Connexin 43 (Cx43), a gap junction protein seemingly fit to support cardiac impulse propagation and synchronic contraction, is phosphorylated in normoxia by casein kinase 1 (CK1). However, during cardiac ischemia or pressure overload hypertrophy, this phosphorylation fades, Cx43 abundance decreases at intercalated disks and increases at myocytes' lateral borders, and the risk of arrhythmia rises. Studies in wild-type and transgenic mice indicate that enhanced CK1-phosphorylation of Cx43 protects from arrhythmia, while dephosphorylation precedes arrhythmia vulnerability. The mechanistic bases of these Cx43 (de)phosphoform-linked cardiac phenotypes are unknown. We used patch-clamp and dye injection techniques to study the channel function (gating, permeability) of Cx43 mutants wherein CK1-targeted serines were replaced by aspartate (Cx43-CK1-D) or alanine (Cx43-CK1-A) to emulate phosphorylation and dephosphorylation, respectively. Cx43-CK1-D, but not Cx43-CK1-A, displayed high Voltage-sensitivity and variable permselectivity. Both mutants showed multiple channel open states with overall increased conductivity, resistance to acidification-induced junctional uncoupling, and hemichannel openings in normal external calcium. Modest differences in the mutant channels' function and regulation imply the involvement of dissimilar structural conformations of the interacting domains of Cx43 in electrical and chemical gating that may contribute to the divergent phenotypes of CK1-(de)phospho-mimicking Cx43 transgenic mice and that may bear significance in arrhythmogenesis.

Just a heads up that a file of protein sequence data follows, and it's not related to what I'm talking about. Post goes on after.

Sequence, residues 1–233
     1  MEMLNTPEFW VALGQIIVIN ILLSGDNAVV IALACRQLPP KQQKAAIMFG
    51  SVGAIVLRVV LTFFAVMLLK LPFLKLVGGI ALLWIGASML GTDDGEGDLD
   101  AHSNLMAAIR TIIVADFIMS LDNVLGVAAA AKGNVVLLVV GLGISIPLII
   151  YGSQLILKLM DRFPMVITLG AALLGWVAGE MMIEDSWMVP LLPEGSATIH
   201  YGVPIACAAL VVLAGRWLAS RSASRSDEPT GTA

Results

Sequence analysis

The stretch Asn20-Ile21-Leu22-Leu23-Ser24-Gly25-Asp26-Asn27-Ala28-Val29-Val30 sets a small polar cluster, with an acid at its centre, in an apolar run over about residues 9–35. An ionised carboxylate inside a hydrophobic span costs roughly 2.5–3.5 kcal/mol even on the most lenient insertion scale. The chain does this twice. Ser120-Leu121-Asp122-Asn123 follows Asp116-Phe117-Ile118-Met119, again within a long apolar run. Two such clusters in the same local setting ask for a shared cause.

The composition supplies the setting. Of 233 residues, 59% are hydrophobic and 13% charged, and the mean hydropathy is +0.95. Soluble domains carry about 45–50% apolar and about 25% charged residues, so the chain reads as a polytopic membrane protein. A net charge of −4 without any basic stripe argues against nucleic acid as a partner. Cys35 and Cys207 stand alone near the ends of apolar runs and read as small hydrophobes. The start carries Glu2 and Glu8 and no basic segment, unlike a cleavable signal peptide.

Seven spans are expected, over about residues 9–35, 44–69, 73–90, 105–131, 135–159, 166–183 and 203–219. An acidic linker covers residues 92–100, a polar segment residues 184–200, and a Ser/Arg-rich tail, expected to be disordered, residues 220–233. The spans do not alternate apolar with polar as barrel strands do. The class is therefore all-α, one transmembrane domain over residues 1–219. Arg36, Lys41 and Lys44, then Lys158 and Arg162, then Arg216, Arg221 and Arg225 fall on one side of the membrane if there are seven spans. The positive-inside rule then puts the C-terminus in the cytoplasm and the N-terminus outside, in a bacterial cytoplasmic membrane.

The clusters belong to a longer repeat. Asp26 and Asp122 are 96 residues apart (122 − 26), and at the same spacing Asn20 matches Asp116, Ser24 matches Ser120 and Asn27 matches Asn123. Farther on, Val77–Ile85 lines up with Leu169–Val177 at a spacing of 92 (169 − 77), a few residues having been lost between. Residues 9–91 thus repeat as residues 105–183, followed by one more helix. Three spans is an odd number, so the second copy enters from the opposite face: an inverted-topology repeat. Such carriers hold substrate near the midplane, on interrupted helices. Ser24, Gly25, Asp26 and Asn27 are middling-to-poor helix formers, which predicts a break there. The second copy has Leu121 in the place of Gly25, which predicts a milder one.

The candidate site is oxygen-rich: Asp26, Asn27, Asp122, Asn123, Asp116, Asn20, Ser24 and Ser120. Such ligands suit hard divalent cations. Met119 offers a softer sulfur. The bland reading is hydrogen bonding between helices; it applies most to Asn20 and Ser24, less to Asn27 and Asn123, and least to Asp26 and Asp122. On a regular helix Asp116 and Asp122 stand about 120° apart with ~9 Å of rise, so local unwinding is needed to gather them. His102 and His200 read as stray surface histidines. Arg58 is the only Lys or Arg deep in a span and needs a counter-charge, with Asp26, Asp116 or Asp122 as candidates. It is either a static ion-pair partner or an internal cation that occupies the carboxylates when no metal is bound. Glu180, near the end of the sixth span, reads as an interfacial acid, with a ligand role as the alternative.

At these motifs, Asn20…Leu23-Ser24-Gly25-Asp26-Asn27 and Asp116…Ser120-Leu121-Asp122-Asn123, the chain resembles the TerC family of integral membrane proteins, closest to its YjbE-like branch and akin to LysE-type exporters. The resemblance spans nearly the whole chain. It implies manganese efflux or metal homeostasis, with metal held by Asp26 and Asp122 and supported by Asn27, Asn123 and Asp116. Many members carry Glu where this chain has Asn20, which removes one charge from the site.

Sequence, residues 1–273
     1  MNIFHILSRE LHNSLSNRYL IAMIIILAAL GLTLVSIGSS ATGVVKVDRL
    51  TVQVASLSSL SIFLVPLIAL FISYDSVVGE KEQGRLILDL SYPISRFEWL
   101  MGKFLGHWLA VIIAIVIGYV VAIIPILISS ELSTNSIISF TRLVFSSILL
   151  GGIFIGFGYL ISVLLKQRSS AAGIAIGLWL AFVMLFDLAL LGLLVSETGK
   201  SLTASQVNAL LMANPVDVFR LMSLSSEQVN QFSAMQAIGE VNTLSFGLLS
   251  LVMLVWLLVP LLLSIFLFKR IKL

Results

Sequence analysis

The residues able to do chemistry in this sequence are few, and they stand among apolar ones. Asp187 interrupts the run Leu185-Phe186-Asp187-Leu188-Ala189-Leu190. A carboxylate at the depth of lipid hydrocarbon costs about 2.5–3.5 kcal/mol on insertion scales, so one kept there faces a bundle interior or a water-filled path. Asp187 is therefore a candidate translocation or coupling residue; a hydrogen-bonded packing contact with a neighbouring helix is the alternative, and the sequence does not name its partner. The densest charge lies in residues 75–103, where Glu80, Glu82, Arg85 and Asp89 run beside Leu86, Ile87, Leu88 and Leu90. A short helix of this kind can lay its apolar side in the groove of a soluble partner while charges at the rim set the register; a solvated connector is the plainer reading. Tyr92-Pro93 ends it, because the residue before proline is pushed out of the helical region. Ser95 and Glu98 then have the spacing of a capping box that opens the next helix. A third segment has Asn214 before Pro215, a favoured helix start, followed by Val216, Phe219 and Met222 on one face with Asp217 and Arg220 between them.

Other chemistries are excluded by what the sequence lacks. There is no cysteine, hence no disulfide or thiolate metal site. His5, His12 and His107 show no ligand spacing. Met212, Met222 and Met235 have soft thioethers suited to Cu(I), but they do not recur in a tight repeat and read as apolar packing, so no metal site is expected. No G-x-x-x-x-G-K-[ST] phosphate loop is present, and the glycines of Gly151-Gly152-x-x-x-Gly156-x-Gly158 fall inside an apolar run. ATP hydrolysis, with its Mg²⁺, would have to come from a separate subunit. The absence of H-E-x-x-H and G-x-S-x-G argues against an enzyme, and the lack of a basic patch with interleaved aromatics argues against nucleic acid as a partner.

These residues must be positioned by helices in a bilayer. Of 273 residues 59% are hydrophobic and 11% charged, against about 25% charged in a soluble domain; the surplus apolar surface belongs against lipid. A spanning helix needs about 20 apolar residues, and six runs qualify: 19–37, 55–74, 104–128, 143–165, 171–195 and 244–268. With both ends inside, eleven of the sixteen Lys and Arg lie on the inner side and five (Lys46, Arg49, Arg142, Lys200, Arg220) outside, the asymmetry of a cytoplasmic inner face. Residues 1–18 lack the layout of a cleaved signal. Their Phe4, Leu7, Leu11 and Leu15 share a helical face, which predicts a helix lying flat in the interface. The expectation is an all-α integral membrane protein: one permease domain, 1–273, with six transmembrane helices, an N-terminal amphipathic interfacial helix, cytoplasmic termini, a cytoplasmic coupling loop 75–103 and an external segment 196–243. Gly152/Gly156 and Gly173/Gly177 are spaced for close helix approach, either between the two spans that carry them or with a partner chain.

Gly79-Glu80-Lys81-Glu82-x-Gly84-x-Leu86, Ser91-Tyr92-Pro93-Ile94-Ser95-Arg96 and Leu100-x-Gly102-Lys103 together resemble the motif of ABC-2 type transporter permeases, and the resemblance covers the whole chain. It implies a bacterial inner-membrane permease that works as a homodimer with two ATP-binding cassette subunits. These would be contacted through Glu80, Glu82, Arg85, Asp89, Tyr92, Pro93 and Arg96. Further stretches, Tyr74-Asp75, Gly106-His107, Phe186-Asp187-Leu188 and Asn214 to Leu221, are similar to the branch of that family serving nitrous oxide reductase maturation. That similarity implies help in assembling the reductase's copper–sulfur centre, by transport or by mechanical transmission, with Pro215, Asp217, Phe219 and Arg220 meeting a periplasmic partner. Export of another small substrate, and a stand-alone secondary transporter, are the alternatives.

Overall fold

• Cxcl10 Chemokine Induces Migration of ING4-Deficient Breast Cancer Cells via a Novel Cross Talk Mechanism between the Cxcr3 and Egfr Receptors

      Tsutsumi, Emily; Stricklin, Jeremiah; Peterson, Emily A.; Schroeder, Joyce A.; Kim, Suwon; Clinical Translational Sciences Program, College of Medicine-Phoenix, University of Arizona; Basic Medical Sciences, College of Medicine-Phoenix, University of Arizona (American Society for Microbiology, 2022-02-17)